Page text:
In June of 1979, a mysterious individual using the pseudonym R.C. Christian approached the Elberton Granite Finishing Company with an unusual and secretive request: to construct a monument. Under the strict terms of a legal contract, Christian insisted on maintaining his anonymity, along with the identity of the group he purportedly represented. He displayed a seemingly endless source of funding for this enigmatic project, with all design plans destined for destruction upon completion and all information about his person to be concealed from public knowledge.
By 1980, the monument was complete, comprising stones carrying a prominent tablet that declared, “Let these be guidestones to an Age of Reason.” These stones bore ten commandments intended to guide humanity and rebuild society, possibly following a catastrophic event. The guidelines were etched in eight different languages: English, Spanish, Swahili, Hindi, Hebrew, Arabic, Chinese, and Russian. They offered directives such as maintaining the world’s population at or under 500,000,000, emphasizing reason over faith and tradition, balancing individual rights with social responsibilities, and leaving room for nature rather than being a detriment to the Earth.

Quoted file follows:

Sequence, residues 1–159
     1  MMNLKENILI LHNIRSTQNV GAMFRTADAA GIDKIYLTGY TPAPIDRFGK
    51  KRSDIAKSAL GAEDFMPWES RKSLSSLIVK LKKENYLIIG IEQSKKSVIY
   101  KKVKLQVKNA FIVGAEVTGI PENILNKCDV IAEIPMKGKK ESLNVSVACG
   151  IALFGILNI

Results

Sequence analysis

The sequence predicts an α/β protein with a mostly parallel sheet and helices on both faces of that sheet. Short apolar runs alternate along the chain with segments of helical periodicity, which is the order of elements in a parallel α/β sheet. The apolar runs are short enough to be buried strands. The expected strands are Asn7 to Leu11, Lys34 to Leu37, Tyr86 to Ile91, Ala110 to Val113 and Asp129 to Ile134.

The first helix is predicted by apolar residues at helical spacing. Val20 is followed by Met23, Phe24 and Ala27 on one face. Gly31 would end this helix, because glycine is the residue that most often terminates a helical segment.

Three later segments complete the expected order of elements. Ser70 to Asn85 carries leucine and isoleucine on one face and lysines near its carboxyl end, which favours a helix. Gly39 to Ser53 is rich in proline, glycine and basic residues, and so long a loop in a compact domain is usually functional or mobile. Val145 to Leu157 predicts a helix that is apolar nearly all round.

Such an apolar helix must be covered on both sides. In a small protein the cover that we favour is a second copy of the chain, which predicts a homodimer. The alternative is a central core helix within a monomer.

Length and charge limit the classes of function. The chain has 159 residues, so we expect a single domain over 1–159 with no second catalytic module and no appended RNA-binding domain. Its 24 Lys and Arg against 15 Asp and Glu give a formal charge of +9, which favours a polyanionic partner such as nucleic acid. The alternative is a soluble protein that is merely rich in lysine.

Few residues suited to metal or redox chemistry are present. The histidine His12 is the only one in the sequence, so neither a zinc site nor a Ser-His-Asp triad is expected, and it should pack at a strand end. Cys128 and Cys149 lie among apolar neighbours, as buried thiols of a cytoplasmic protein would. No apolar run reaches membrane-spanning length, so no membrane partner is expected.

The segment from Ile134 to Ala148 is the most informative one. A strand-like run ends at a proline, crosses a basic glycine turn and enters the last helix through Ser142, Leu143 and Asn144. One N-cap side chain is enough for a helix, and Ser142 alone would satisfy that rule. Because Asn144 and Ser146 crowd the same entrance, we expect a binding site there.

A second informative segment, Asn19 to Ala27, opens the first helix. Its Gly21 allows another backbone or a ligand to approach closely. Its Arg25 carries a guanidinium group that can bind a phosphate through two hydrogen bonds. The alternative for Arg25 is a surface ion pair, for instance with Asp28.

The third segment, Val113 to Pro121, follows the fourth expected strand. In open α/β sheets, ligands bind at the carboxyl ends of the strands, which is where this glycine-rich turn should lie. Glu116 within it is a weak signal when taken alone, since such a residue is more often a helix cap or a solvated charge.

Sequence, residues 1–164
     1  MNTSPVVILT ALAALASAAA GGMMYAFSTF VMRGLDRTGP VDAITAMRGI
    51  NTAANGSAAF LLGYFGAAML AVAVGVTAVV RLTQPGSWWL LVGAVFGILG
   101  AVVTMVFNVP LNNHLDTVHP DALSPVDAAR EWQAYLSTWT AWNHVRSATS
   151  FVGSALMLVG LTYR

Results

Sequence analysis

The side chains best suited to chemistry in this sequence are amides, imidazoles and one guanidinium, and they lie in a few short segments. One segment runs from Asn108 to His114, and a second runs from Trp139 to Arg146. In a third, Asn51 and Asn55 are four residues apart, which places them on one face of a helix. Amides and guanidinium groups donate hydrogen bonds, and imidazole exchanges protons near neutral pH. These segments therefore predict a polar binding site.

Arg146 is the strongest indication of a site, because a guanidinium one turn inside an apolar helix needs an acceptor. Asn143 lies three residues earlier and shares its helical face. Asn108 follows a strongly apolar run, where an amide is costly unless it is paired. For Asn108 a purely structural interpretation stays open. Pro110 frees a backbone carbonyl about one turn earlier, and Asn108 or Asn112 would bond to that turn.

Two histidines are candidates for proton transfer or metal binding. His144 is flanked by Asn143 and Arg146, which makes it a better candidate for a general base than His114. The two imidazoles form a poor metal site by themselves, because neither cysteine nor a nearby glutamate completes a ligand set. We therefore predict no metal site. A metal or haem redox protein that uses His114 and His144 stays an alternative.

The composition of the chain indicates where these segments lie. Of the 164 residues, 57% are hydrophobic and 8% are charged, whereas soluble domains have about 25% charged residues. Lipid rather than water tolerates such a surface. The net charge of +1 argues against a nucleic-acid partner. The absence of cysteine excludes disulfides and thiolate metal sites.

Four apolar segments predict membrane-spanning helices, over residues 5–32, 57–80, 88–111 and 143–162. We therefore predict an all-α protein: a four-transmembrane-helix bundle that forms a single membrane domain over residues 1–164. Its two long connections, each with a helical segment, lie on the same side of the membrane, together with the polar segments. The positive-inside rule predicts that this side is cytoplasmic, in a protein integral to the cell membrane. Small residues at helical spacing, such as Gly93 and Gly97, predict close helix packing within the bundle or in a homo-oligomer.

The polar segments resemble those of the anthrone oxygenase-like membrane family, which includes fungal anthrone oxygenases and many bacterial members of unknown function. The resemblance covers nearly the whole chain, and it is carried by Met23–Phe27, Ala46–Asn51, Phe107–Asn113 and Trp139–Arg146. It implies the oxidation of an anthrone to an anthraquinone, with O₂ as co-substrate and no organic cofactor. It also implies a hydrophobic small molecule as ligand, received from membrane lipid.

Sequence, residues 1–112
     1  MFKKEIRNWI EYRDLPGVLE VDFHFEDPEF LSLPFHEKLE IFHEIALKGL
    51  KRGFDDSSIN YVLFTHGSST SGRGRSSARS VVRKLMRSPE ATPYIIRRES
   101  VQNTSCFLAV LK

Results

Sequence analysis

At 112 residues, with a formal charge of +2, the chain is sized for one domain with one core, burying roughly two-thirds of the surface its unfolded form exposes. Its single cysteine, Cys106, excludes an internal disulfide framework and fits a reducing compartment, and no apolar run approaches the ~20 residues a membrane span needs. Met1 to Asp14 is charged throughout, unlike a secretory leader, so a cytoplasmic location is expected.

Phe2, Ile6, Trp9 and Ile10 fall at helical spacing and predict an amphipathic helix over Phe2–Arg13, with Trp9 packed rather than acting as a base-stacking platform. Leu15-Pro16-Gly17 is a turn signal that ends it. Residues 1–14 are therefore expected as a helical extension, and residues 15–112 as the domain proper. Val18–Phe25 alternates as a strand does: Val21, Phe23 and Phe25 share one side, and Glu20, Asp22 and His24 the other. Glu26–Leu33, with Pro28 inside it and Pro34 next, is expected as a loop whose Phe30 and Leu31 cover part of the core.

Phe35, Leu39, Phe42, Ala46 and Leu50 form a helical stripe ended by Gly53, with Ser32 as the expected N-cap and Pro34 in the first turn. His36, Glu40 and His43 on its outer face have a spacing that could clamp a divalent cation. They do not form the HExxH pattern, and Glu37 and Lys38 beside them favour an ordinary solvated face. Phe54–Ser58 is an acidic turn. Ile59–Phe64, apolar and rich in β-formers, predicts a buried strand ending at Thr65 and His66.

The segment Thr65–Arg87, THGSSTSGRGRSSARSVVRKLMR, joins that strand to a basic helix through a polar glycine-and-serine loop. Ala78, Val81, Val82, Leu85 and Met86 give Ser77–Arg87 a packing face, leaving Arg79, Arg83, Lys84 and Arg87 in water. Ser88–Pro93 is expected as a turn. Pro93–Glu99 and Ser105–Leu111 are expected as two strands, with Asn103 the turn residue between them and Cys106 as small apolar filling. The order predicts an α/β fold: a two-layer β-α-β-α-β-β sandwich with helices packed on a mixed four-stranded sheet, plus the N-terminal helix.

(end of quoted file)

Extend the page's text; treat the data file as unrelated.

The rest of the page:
The Guidestones served a secondary function as an astronomical calendar, using a precise hole in the structure to illuminate the date on an engraving every day at noon. Four ancient languages—Babylonian cuneiform, Classical Greek, Sanskrit, and Egyptian hieroglyphics—were inscribed near the top of the stones. The site also featured an instructional tablet describing the presence of a buried time capsule, though the dates of its burial and intended opening are unknown, raising questions about its existence or purpose.
Over the years, the Guidestones have sparked controversy. They have been linked to various conspiracy theories and viewed with suspicion by some who consider them the work of secret societies or the New World Order, especially due to certain commandments that could be interpreted ominously. Consequently, the Guidestones have been vandalized by conspiracy theorists. For instance, in 2022, Georgia Republican gubernatorial candidate Kandiss Taylor, pledged to demolish the monument as part of her campaign. Nevertheless, others perceive them as a message of wisdom or prophecy, possibly the creation of an eccentric scientist.
Despite the passage of three decades, the true origins of the Guidestones remain concealed. The only attribution is found on the monument itself, reading, “Sponsors: A Small Group of Americans Who Seek The Age Of Reason.” Unfortunately, on July 6, 2022, the Guidestones were severely damaged by a vandal’s apparent explosive device. Subsequently, the remaining, undamaged pieces were dismantled by state law enforcement officials later that same day, further shrouding the monument’s origins in mystery.